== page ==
The pyramid on top of the METEOSCAN holds 4 series-connected moisture sensors which are continuously electrically heated to enable detection of snow. Important advantage of the 4-directional detecting sensor head is the optimal detection of drifting snow caused by trains and heavy wind.
PINTSCH ABEN burnerpipes are attached to the outside of the rail with a number of mounting clamps. One clamp is fixed-mounted to the burnerpipe; the other clamps allow thermal expansion. The igniter, gas inlet and air intake are located at the same side of the burnerpipe. For a specific switchpoint, the required number of infrared gas burners depends on the radius/length of the switchpoint. For a 1:9 point 14 burners are required (18 for 1:15 points, 20 for 1:20 points). When 1 bar (Ga) propane or 0,5 bar (Ga) natural gas is used, a burnerpipe can be constructed with maximum 11 burners. The heating capacity of PINTSCH ABEN burnerpipes is approximately 1000 Watt/meter.
PINTSCH ABEN burnerpipes are constructed from a special designed square-shaped aluminium profile. Inside this profile there is a smaller – also square-shaped – ignition channel. A small part of the supplied gas flows from the main gas supply channel into the ignition channel via flame protection nozzles located between the burners. Flame protection nozzles are important safety devices because they make it impossible that fire passes over from the ignition channel to the main gas channel.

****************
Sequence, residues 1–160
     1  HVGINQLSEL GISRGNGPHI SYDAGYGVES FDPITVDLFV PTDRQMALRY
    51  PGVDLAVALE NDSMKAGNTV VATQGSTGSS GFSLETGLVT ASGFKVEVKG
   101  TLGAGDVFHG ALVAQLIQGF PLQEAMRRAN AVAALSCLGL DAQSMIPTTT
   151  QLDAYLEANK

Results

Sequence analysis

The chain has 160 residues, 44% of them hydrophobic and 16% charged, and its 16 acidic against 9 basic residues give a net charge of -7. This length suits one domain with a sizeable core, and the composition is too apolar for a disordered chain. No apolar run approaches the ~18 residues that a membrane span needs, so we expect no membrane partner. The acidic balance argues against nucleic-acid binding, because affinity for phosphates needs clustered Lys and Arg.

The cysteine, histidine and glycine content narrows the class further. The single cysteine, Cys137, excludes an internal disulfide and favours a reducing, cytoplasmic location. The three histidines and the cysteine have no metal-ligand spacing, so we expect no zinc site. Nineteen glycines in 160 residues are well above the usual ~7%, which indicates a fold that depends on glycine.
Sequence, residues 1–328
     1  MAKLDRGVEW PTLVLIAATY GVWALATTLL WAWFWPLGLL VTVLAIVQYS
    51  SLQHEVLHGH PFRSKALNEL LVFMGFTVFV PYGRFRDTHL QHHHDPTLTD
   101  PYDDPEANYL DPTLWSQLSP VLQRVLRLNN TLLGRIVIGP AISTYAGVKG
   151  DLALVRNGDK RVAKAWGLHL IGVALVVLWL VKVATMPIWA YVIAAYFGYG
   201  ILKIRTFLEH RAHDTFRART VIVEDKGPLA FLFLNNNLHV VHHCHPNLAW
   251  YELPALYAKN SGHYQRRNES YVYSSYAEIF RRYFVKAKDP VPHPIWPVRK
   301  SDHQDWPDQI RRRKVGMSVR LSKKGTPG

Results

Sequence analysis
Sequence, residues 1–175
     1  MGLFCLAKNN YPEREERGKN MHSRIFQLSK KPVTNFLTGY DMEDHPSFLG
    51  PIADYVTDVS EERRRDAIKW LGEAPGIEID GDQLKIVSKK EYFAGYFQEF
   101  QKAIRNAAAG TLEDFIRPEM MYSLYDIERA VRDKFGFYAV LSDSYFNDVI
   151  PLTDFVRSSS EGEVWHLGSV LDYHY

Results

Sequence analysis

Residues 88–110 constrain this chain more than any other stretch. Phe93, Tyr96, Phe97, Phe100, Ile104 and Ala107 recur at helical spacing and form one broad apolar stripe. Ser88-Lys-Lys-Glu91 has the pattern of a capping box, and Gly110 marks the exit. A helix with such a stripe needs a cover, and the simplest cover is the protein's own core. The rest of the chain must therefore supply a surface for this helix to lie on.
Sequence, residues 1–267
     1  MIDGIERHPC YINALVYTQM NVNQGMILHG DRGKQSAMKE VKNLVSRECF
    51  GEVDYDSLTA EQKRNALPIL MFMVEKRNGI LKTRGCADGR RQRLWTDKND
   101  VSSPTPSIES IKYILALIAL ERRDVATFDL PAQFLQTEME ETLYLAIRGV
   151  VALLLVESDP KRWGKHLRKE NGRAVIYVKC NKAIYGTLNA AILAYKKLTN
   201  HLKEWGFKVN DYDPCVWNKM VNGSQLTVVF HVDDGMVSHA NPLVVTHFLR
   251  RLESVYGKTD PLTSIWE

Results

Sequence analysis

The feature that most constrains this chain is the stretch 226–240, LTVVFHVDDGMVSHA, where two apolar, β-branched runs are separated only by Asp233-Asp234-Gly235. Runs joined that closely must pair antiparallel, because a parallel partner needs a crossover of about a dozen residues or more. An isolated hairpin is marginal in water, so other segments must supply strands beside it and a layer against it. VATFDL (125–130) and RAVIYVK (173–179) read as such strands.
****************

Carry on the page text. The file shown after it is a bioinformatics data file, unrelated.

The igniter contains an electronic circuit that transforms the supplied 42V AC current into a 2-3 kV high-frequent, pulsating ignition spark. The igniter produces a spark every 14 seconds and contains an integrated thermo-couple. When passing trains or heavy winds should blow out the burners, the system automatically keeps in operation: the fresh gas pushes the burned gas out of the ignition channel and the spark from the igniter ignites the burners again.
PINTSCH ABEN pays very much attention to safety aspects: the wind-tight wire mesh package in each burner contains 6 layers which ensure that fire can not spread to the main gas channel.
Each igniter contains a thermo-couple which is mounted in such way that the heat of the first infrared burner is measured. The thermo-couple enables the connected control system to monitor the operational status of the burnerpipe.